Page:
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The forgotten ingredient of innovation
A capacity for divergent or lateral thinking, non-conformity, extreme motivation are the typical psychological traits of people who come up with new ideas – but innovation, understood as getting them over the line in complex bureaucracies, requires something extra.
The business world and press tend to lionise individuals as innovators that single-handedly push the world forward, but the reality is far more social.
Those who push ideas forward are good at changing people’s behaviour by building informal relationships.
The key idea
While this idea won’t be surprising to marketers, its foundations – as outlined in a new piece in Psychology Today – are interesting.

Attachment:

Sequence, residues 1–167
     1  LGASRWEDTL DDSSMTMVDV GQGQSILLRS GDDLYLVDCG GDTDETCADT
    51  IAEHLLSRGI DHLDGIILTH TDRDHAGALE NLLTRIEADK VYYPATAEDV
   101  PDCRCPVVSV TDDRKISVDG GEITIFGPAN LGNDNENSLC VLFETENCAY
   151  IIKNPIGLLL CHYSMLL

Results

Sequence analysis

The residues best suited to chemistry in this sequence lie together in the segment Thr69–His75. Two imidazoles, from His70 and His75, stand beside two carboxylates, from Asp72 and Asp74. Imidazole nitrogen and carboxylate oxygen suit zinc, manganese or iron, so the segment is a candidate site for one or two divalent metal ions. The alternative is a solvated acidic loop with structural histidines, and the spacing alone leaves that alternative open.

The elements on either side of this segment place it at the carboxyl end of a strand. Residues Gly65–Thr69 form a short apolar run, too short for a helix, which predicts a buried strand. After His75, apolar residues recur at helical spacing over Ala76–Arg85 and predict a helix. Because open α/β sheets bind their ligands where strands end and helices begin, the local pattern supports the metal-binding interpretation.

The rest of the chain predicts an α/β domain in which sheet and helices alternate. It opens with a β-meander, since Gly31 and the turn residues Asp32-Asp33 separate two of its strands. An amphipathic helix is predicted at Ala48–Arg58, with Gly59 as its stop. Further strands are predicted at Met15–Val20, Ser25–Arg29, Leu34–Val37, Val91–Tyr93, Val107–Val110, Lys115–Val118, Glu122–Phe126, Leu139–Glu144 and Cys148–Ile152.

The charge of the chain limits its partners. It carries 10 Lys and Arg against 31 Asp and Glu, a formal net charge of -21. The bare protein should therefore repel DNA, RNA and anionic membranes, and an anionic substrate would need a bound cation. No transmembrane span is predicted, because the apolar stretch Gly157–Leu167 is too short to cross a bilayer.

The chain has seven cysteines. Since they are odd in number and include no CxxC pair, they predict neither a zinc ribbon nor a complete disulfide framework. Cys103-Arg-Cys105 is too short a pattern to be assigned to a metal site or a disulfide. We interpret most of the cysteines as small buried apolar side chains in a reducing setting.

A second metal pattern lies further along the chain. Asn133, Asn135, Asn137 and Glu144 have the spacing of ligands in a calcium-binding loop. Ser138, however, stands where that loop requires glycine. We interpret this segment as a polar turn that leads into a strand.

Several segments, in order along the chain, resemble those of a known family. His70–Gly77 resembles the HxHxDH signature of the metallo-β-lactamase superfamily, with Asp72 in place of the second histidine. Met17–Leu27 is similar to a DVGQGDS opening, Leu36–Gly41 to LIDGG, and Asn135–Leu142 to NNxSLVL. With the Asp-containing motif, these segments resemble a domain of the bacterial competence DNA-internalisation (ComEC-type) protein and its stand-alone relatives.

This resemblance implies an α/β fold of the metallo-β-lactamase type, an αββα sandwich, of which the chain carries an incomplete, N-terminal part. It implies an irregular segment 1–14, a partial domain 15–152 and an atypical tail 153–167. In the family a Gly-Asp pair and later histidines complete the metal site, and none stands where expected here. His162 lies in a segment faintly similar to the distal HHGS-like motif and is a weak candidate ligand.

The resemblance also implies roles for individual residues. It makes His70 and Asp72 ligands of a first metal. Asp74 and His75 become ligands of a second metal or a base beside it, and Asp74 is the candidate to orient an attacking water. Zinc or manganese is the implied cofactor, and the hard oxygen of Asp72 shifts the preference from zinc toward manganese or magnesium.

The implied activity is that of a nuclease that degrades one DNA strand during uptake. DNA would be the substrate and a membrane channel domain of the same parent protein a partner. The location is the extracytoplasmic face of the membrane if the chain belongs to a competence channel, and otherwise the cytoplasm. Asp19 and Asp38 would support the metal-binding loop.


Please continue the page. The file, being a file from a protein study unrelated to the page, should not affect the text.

Notably, the creation of psychological safety: allowing spaces in which the other members of an organisation don’t fear embarrassment when trying new ideas.
One co-author, Dr. Eric Haseltine, describes it as:
“Innovation = (Talent + Relationships) / Formality”.
In essence: maximum trust and minimum process will let good ideas rise. Those informal ties will pay dividends when you need to navigate the idea through the organisation.
Sourced from Psychology Today
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